Literacy That Leads to Growth for Young Learners - Laureate

Literacy That Leads to Growth for Young Learners

Sahl-Ahmed Karim, a student at Monash South Africa (MSA), believes education is the greatest tool for empowerment.

“If you have an education, you can do anything”, he said, proudly. Karim developed a passion for literacy as a young child when his mother would take him to the local library every Friday. Each week, he would check out and read at least two books. His mother was a great inspiration, and through reading, Karim developed a range of skills that allowed him to create change in his life and in the lives of those around him.

From a young age, Karim observed that other students often did not have the same access to opportunity that he had, starting with literacy. Karim understood how a life was changed when you could read, write and effectively use language, and he was determined to bring this opportunity to other children.

When Karim started at Monash South Africa (MSA), he began to appreciate the power of volunteering. For the first time, he was part of a community in which volunteering was encouraged, celebrated and well-managed.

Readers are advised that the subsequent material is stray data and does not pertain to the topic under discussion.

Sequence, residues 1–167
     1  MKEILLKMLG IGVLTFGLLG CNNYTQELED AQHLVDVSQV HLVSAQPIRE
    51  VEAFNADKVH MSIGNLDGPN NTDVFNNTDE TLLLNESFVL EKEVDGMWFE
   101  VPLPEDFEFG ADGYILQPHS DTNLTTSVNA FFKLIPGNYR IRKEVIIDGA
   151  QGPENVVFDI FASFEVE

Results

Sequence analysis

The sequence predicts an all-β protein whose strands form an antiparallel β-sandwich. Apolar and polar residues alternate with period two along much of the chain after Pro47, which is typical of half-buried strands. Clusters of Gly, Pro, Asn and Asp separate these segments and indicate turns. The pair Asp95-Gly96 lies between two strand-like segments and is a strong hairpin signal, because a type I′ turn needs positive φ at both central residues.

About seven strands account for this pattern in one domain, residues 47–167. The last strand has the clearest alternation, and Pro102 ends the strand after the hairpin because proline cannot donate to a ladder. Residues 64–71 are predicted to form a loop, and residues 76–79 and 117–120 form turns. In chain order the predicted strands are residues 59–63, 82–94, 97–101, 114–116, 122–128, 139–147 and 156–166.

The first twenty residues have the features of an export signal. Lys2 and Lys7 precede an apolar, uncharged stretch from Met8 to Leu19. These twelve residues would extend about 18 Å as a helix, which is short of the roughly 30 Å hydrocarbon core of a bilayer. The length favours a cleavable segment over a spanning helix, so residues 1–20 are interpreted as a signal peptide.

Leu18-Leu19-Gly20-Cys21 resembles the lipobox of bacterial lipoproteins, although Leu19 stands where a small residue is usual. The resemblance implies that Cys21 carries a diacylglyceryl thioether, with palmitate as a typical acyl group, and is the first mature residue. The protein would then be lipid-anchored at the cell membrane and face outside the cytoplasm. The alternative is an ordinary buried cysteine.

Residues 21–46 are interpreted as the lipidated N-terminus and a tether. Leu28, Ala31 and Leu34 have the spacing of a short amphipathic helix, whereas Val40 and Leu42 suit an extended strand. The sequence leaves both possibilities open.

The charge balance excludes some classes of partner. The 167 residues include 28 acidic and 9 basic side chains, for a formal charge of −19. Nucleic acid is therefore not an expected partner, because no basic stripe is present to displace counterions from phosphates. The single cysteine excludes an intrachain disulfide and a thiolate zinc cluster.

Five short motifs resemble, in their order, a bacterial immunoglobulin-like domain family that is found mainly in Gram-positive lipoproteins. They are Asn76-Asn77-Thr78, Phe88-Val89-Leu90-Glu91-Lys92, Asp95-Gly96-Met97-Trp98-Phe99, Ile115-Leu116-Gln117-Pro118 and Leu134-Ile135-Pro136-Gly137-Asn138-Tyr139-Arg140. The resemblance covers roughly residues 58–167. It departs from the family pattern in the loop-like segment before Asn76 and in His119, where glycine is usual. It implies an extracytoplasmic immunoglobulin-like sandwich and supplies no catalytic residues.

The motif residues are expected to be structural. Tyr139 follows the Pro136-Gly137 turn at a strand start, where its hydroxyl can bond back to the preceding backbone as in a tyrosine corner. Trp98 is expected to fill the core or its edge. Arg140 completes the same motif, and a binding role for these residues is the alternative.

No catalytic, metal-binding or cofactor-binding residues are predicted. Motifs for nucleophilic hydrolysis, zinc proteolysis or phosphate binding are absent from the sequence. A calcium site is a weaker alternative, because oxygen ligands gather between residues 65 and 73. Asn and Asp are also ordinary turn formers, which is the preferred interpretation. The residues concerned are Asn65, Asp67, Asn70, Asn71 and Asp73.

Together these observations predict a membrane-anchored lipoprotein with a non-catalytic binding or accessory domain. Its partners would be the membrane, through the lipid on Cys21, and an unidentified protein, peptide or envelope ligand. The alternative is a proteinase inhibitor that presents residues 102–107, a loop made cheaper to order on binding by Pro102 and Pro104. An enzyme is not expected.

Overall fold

In 2013, he joined a small student-led organization called This Is Me, which works to assist in the development of creative thinking and storytelling skills for children, with a particular emphasis on promoting African culture. Within months, Karim had taken over leadership of the program, and he plans to continue in this role until he graduates.

“I am enormously proud of the partnerships we have been able to build, including with the Ducere Foundation and across different departments at Monash South Africa,” Karim said. “I am now approached regularly by departments that want to integrate our student volunteer placements into their courses.”

Since 2013, over 800 children have benefited from This is Me, and the initiative has grown to include more than 150 volunteers and a five-person leadership group.

The students served by the program are typically in third grade and aged 8 to 10, or in sixth grade and aged 11 to 13. They are from Zandspruit in Ruimsig, an informal settlement outside Johannesburg, and attend either Masakane Primary or the Zandspruit School. These are children living in underprivileged environments, without access to the literacy support they need and deserve.

“What inspires me the most is that despite the environment these children come from, there is never a day when you get the slightest sense of any personal problem,” Karim said. “All you see is the smile on their faces, and I feel so proud that in a small way, I am a part of that.” Not only are students excelling in literacy skills, they are improving in areas like critical thinking, which helps their academic performance across the board.

Karim will graduate with a degree in Psychology and Business Management and currently is working on a succession plan for This Is Me. He hopes to continue his studies in the area of educational psychology. No matter what path he pursues, supporting educational opportunities for children is certain to remain an area of great passion and dedication for Karim.